Feature story in The Bitter Southerner, August 2016. David Hanson reports from the road on family, distance, independence and whatever it is that ties us together despite all that.
Listen to the podcast version of the story here:
El Paso dwindles to a sporadic strip of dusty auto garages and taquerias stuck like a movie set façade against the looming brown desert. Some might say the real South dries out somewhere back in not-so-west Texas near Wink or Mentone or where the Pecos River makes its death-defying run down the Chihuahuan Desert’s eastern edge, but technically speaking the American South ends in a pinch of cactus, low brown hills, shopping centers, and alien-green golf courses where Texas, Mexico, and New Mexico collide beside the miraculous Rio Grande.
Dad leaves Ben with a $20 bill to cover our sodas, the two Grisham paperbacks he’s taking, and my nosiness. We merge back into the oil and gas parade. Here we are, in the same car, looking out the same windshield, with the same blood and hair and deep-set eye sockets. I’m agonizing over fracking’s dangerous meddling with desert aquifers and my total lack of faith in the industry’s conscience. Dad’s awed by the industrial ingenuity of man and his ability to reap life-sustaining energy and millions of dollars from such an otherwise desolate, useless land. My impulse is to incite a debate, to roll back to that old rigid tree, rattle it and maybe even pick it up and move it. I don’t like this impulse, and it never ends well, but there’s something about our fundamental disconnect that’s mystifying and frustrates me enough to keep poking at it, rousing the beast I imagine between us.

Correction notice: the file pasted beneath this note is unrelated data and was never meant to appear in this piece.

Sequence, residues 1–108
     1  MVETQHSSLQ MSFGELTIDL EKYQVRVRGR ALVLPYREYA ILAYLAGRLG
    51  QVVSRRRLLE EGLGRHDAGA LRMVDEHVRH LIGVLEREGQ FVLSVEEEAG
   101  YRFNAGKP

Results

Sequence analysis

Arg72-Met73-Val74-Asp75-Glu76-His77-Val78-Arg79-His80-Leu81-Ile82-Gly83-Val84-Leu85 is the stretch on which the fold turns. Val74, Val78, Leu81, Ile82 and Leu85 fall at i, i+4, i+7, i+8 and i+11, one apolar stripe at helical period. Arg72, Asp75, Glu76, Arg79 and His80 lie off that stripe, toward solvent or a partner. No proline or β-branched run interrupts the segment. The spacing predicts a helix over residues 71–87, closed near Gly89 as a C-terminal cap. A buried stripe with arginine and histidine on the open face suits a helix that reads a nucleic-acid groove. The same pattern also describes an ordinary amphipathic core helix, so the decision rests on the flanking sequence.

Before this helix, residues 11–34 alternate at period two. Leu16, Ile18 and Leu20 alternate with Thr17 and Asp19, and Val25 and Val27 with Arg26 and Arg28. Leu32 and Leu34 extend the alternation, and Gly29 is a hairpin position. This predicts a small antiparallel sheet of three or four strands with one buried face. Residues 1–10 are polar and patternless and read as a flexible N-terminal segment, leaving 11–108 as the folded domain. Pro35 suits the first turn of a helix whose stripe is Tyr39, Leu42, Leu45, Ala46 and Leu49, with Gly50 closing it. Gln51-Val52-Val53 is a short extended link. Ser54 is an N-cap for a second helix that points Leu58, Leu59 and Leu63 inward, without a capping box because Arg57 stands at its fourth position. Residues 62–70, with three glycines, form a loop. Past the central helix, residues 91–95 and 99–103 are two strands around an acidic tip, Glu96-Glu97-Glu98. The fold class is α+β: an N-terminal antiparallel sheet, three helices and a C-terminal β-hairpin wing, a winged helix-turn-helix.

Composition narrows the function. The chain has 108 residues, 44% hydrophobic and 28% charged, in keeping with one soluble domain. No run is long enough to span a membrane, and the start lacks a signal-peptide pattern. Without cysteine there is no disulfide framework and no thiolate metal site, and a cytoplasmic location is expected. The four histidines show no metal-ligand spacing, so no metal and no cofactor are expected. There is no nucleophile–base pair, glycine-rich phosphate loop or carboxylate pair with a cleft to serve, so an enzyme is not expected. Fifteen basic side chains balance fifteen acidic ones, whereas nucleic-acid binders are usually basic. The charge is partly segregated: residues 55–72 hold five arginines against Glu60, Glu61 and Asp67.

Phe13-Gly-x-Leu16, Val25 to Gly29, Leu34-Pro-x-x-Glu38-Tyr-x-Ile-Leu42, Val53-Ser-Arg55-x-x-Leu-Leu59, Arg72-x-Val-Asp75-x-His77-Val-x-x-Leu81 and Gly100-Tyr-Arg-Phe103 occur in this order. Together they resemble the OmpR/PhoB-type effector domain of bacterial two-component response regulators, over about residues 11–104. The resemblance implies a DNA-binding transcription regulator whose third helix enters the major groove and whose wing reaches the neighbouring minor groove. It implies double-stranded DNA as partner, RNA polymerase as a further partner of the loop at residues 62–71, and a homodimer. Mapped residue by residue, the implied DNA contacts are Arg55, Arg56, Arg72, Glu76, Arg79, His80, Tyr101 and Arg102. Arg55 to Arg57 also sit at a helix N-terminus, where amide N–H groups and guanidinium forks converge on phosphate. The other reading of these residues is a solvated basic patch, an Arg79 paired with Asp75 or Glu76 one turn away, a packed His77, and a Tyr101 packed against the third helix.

I hold my tongue and gaze into the western horizon, hazy from a fire we can’t see, deep in the Guadalupes. The radio grabs a country station long enough for one Marty Stuart song as we pass through the dust-blown town of Pecos, then it’s back to the hum of rubber on hot pavement and our own thoughts as we move out of the Permian and into Big Bend country.